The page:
Petitions in British history

This video from Wales says about itself:

Following the midday ‘Save Our Chartist Mural‘ demonstration in John Frost Square, Newport on 5th October 2013, some of the protesters returned at around 4pm to begin a march from the square to the Civic Centre. A petition signed by over 4200 people in the preceding months was received there by Councillor Charles Ferris on behalf of Newport City Council.

By Keith Flett in Britain:

Petitions can make a difference

Monday 6th February 2017

Petitions are often seen as the most low-key forms of protest, but history shows us that they can bring about political change, says KEITH FLETT

THE petition remains a device of political protest in 2017 perhaps partly because it can now be done online, a case in point being petitions to Parliament, rather than having to be done by signing in ink in person.

Of course the physical petition still exists and you can see people out on high streets asking people to sign for this or that important cause, against cuts, for better air quality and so on.

Politicians will tell you that some people will sign anything, and point to examples where people have signed petitions for and against similar matters.

Indeed this does occur and can be understood by the fact that some will sign to get rid of a persistent petitioner or to avoid an argument.

Through political history petitions have been bedevilled by this. The huge Chartist petitions for the vote in the 1840s were sometimes derided because obviously false names were included.

Yet the petition has remained a significant strategy of those pressing for political change, and this is perhaps the most interesting thing, part of what Charles Tilly called the repertoire of contention of politics since at least the 17th century.

The repertoire ranges from the petition, through to demonstrations, strikes and risings and examples of all of them are the stuff of recent political history.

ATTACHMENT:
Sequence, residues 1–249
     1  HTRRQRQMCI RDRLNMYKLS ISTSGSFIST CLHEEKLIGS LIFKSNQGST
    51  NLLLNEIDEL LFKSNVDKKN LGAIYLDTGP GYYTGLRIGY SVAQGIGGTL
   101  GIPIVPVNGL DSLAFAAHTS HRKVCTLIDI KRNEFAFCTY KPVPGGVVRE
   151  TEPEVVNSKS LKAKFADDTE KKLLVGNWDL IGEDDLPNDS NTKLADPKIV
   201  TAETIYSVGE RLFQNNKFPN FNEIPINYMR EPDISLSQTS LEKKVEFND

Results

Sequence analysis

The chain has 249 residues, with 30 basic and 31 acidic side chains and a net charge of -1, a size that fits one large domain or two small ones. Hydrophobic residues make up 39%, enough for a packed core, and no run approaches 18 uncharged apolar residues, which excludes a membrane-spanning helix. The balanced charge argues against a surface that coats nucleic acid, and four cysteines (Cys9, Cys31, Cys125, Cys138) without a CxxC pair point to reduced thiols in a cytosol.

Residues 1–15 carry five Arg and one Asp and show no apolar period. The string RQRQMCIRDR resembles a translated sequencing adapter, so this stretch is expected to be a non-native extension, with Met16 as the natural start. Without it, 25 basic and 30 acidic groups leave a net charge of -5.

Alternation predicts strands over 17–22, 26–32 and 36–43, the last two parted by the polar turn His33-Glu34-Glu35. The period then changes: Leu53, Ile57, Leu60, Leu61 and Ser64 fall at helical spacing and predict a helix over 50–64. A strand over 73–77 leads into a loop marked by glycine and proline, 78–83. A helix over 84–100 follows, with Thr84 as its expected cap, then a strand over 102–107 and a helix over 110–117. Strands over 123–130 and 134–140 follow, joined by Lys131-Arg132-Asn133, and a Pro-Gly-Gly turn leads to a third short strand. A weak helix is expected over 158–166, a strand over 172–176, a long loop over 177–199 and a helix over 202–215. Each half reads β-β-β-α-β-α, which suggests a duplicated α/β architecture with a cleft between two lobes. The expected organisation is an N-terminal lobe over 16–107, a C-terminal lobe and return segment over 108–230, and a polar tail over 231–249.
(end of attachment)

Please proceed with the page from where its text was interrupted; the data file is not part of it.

However the petition has a specificity to it. The one perhaps most in the current mind is that calling on the government not to allow any visit Donald Trump makes to Britain to be a state occasion.

That gathered towards two million signatures in a few days, underlining the power of the online petition. It will, under current rules, now be debated in Parliament on February 20 and it will be accompanied by a protest outside the House of Commons.

There are campaigning organisations, such as 38 Degrees, whose central political focus is the petition. They see it as a way not only to influence opinion but also to mobilise active support for causes.

It is the petition plus physical protest that has most worried the authorities over the centuries, however.

In 1661, under the newly restored monarchy of Charles II, the Tumultuous Petitioning Act as passed. It was not repealed until 1986.

Parliament had been inundated by petitions relating to disputes over land confiscated under Cromwell from 1649 and then restored from 1660. The Act required any petition to Parliament to be agreed by justices of the peace before it could be presented.

The importance of the petition continued despite the 1661 Act primarily because it was one of the few legal ways of making a political protest.

Gatherings of more than 49 people for the purpose of considering political change required permission under various Seditious Meetings Acts, passed from 1795 onwards and again only repealed in 1986. One way around this was to demonstrate in support of a petition that was to be delivered to Parliament.

The Chartist petitions for adult male suffrage in 1839, 1842 and 1848 are probably the most well-known examples of the use of the petitioning strategy.

The final Chartist petition was to be presented to Parliament on Monday April 10 1848. Gathering in Kennington Common, the Chartists planned a mass march to the Commons with the petition.

The authorities had other ideas and the army was called out to prevent the procession from crossing over the Thames at Blackfriars Bridge.

It is an example of how a petition, often seen as the most low-key campaigning tool, can make a real impact. Theresa May and Donald Trump, beware.

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